Tuesday, August 6, 2013
Help for moms who kiss their kids too much (actually, no help, but perhaps you can relate)
Last night, Dave was tucking Max into bed and I heard Max giggling. I poked my head in. Dave had showed him how to nose kiss, and Max thought it was a laugh riot. "Ohmmmy!" Max said, and I leaned over and rubbed noses with him. And then, I kissed his cheek again and again and again until Dave was all, "Hey! My turn!"
I am greedy about kissing the kids; I can never get enough. This I inherited from my mom, who was always kissing me and my sister. I once discussed the habit with an office friend. "I basically make out with my kids!" she said, and I knew exactly what she meant. I will kiss the kids at any given opportunity: when they're on the couch watching TV, when they're buckled into the car, when we're at the mall riding the elevator, when they're sleeping. (Yes, I do.) (And if you call me creepy, I'm going to kiss you right on the lips.)
Sometimes the kids kiss back, sometimes they sit there glued to Good Luck Charlie because, whatever, it's just another spurt of mommy kisses. I don't believe there are any intervention programs for moms who kiss too much, although I suspect my children might start one someday. Back when they were babies, I'd literally nibble on their chubalicious limbs. I no longer do that, mercifully for them, since there's very little chub left. Excluding Sabrina's hands, which still have pudge and dimpled knuckles and are too delicious to resist.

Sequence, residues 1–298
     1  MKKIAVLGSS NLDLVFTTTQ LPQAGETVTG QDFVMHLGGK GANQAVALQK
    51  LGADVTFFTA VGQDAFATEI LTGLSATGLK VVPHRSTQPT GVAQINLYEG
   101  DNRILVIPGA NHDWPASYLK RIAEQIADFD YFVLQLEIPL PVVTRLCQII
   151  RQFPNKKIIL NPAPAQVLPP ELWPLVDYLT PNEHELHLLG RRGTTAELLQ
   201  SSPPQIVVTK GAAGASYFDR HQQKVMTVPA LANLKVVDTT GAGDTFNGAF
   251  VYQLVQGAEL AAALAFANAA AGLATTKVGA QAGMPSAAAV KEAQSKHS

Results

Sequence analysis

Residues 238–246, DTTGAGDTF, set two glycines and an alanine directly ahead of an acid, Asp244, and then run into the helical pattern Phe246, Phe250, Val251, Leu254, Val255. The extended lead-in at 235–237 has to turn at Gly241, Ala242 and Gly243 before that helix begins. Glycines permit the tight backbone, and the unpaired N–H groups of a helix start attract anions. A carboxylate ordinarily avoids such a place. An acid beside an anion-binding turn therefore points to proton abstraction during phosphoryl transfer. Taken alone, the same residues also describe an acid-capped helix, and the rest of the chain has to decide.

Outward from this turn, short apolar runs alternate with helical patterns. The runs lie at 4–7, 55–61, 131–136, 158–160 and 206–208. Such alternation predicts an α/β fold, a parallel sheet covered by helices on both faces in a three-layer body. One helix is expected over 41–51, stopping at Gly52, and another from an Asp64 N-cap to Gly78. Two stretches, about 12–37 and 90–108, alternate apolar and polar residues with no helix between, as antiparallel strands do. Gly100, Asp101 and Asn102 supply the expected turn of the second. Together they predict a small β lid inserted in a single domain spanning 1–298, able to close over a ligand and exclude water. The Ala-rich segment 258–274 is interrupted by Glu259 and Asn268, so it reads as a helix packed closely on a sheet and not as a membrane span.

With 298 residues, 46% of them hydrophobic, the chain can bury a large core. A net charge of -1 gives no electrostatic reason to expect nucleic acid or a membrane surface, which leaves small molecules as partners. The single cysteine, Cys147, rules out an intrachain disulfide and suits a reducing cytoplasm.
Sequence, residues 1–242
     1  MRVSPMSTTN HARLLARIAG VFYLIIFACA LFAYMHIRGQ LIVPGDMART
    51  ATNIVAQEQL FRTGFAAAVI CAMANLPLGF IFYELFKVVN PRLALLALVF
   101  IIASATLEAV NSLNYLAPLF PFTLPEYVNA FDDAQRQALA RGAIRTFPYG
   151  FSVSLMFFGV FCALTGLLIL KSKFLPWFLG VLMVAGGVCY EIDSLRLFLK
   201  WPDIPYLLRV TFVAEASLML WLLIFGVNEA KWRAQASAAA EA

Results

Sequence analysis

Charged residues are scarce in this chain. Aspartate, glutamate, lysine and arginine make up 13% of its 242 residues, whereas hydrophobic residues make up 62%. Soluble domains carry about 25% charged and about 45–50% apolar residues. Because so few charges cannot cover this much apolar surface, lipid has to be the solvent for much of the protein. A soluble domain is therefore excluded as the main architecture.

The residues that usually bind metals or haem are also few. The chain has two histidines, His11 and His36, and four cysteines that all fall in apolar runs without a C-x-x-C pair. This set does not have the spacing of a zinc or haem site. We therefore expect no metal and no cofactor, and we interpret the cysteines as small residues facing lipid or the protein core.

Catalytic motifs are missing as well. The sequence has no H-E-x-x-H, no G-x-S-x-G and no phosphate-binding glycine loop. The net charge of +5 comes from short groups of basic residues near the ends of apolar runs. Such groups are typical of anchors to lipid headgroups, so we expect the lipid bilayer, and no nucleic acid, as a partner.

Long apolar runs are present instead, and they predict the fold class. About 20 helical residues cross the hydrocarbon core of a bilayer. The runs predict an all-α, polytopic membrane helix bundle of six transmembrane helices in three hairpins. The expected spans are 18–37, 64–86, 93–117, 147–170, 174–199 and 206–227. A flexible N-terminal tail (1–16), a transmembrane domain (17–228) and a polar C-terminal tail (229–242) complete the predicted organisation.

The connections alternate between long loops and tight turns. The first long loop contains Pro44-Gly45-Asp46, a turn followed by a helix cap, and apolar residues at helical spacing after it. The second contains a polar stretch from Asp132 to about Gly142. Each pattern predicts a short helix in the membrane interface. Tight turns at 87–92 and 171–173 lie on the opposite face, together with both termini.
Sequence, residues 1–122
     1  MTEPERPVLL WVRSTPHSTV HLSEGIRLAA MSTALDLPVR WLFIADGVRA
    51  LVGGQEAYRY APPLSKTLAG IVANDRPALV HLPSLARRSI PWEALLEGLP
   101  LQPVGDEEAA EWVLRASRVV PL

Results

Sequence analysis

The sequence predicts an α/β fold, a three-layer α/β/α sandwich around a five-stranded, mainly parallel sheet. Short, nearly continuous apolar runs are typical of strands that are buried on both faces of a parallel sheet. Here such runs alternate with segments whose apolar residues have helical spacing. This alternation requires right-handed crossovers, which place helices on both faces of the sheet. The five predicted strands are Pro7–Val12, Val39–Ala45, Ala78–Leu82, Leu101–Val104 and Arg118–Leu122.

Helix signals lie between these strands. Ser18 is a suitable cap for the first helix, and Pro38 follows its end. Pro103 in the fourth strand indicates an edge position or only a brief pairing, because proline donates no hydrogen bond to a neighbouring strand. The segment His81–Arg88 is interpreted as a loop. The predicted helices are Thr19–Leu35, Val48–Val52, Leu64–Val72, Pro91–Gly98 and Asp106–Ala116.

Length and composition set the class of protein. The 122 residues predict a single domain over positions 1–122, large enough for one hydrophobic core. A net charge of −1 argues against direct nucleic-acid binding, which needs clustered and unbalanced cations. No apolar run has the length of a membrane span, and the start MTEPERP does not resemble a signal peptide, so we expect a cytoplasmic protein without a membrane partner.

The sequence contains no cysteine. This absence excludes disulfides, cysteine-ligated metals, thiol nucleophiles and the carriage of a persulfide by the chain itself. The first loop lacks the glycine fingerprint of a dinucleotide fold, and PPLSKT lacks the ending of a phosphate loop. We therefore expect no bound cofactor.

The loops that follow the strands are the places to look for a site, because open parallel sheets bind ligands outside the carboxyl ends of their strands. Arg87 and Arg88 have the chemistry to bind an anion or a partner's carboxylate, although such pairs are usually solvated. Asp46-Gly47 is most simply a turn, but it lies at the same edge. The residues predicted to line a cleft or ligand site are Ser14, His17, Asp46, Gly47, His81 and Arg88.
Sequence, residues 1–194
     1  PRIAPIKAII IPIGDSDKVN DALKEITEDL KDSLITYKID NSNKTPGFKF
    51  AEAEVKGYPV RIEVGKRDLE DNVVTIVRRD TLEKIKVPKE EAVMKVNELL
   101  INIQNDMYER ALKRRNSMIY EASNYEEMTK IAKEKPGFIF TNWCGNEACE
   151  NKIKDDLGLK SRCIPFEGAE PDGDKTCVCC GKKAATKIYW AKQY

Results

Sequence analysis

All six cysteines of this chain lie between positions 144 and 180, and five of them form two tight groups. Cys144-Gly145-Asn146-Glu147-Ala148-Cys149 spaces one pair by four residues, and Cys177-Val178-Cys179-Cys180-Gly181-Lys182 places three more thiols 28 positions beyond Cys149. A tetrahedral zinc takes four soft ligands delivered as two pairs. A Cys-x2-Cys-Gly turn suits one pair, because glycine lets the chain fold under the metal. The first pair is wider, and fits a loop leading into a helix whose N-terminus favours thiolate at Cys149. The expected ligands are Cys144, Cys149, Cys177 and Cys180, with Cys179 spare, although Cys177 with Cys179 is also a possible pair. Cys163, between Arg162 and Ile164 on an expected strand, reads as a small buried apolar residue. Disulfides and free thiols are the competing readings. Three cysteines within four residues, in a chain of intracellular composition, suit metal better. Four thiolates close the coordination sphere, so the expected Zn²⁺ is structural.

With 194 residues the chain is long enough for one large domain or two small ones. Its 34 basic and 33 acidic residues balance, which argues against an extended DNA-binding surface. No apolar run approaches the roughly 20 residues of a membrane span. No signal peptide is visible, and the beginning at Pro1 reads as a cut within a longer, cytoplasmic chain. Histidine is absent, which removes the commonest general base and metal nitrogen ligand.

Perhaps I'm making up for being away at work all day, where there is nobody I'd particularly like to kiss although they are lovely people. I'm still so grateful for Max's kisses, because it took a long time for him to learn how. He favors the open-mouthed, slurpy kind, sometimes planted on my stomach, sometimes on my cheek.
Max particularly likes to give kisses when he breaks something in the house, because he figures if he makes me melt I won't get upset. He is right. I like to tease him that I am going to pour ketchup all over him and eat him up (he considers ketchup a food group), but then he wisely points out that I should save the ketchup for his mac 'n cheese and I oblige.
With Sabrina, I'm catching up on lost time because as a tot she was stingy with her kisses. In fact, one of her first phrases was "NO TISSES!" I had to practically beg for a good-night kiss. Now, she calls me back into her room for more after I leave. I tell her that I'm aiming to kiss every single one of her freckles, which bloom during the summer. Sometimes, we play a kissing game in which we have to guess the type of kiss: vacuum kiss, ice-skating kiss, woodpecker kiss.
Too much of anything—carbs, sunbathing, reality TV—is never a good thing. But kisses? I think I get a free pass. Max and Sabrina are getting older, and there's going to come a time when they will be over me and my kiss-y ways. Until that day, I am cramming in those kisses.